But we have also observed, with the deepening crisis, the beginning of a revolt of the youth and the working class in the United States, reflected in the ‘Occupy’ movement. The crisis is destroying the idea of the ‘American dream’, opening a completely new stage for the struggles in the US.
In this context, Latin America does not escape the effects of the global economic crisis which is unfolding. The relative economic stability of some countries in the region has been at the expense of deepening their role as subsidiary producers of raw materials for more developed economies, and of deepening their reliance on the Chinese economy, which amid the crisis, has become the locomotive of the world economy.
However, the governments of the region will be forced to implement adjustment programs, as the economic crisis is becoming more acute and China’s economy is slowing down. Evidence of this can already be seen in Brazil and Argentina. In Brazil, the Dilma Rousseff’s government is making major cuts in public spending and has strangled the minimum wage, while in Argentina, Cristina Fernandez’s government is putting cap on wage increases and implementing rises in the prices of gas, electricity and water. It is noticeable that in many countries which have experienced economic growth in the recent period there has been an up turn in workers struggles as workers confidence has been boosted and they demand “their share of the growth”.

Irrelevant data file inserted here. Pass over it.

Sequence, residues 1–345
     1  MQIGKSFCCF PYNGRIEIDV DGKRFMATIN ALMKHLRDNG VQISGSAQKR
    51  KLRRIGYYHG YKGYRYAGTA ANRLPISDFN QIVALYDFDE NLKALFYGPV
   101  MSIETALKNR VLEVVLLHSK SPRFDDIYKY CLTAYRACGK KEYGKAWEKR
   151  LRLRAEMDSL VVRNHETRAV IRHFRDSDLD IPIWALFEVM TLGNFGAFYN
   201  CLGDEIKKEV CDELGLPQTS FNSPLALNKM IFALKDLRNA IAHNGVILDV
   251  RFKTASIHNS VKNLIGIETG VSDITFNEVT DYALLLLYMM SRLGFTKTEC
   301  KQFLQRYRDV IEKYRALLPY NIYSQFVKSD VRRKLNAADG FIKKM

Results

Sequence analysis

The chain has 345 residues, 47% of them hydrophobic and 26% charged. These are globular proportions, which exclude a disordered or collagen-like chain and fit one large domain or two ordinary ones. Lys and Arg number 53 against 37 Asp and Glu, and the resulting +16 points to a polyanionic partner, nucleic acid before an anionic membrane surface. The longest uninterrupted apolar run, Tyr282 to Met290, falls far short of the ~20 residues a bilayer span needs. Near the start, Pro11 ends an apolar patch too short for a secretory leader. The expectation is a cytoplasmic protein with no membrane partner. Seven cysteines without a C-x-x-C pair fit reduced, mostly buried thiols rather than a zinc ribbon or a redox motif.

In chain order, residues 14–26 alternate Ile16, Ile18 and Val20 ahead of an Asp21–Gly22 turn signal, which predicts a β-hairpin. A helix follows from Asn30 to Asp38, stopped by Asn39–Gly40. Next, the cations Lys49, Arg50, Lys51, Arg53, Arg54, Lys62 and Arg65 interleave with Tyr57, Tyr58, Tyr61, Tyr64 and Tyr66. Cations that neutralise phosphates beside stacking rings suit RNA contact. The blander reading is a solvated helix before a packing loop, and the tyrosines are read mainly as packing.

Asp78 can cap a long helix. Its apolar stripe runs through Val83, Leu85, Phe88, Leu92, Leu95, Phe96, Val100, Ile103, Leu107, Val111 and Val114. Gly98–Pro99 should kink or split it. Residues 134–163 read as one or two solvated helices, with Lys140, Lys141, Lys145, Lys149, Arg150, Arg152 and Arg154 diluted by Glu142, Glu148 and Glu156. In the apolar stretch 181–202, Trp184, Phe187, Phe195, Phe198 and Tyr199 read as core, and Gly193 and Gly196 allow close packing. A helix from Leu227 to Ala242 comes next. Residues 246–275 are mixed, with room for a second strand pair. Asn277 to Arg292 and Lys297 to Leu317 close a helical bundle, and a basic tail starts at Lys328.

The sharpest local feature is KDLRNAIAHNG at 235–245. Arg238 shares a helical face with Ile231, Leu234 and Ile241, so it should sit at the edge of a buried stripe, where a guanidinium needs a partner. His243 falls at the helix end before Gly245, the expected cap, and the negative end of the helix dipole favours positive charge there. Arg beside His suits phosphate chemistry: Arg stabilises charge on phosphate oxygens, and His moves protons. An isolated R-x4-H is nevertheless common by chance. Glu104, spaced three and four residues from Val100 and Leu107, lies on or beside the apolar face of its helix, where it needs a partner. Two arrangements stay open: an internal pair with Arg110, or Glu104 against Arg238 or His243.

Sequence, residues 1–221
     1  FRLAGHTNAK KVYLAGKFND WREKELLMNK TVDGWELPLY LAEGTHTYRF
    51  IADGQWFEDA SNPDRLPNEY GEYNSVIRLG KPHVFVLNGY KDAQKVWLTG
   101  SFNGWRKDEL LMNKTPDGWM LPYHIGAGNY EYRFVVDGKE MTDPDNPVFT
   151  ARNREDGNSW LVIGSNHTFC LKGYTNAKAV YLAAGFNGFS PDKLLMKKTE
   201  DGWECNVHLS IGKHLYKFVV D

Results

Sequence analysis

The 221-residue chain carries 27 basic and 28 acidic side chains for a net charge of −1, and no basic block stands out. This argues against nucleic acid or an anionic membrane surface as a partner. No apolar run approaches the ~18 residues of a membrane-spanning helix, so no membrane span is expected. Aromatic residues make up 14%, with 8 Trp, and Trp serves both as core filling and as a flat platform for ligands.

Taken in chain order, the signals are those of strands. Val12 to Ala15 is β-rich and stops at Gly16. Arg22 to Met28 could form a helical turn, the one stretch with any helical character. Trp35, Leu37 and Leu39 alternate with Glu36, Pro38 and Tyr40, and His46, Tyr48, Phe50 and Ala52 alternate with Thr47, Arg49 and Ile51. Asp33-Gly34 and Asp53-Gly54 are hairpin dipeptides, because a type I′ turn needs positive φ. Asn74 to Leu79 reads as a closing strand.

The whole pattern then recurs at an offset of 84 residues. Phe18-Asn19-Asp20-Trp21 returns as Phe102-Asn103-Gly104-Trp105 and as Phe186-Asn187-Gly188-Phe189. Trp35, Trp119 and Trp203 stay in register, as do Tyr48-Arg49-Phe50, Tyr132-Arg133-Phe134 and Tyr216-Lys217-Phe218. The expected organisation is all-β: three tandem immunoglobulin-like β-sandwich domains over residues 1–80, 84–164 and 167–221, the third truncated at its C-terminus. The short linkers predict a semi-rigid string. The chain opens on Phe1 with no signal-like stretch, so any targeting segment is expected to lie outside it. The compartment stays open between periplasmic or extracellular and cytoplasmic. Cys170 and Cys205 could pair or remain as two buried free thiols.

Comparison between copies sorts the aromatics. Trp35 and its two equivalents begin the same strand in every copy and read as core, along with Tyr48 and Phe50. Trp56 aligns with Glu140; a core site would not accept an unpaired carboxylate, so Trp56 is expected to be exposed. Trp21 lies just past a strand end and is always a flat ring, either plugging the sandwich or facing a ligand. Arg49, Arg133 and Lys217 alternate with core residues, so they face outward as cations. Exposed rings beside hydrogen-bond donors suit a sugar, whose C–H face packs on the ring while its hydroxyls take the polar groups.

Moreover, the processes in Venezuela and Bolivia are clearly showing their limits, due to the inability of the governments of Chavez and Morales to break with capitalism and to solve the urgent problems of poverty and oppression of the masses. In Bolivia especially, we observe the development of a new political situation, with growing opposition from the working class to the policies of Evo Morales and the MAS and growing support for the idea of a new workers party.
The relative economic stability in the region has allowed the consolidation of governments promoting neoliberal policies combined with some social reforms. But this will not be maintained in a context of a deepening crisis. The massive mobilizations witnessed in Chile in 2011, against the neoliberal policies implemented for decades, represent an anticipation of the ‘music of the future’ for the entire region.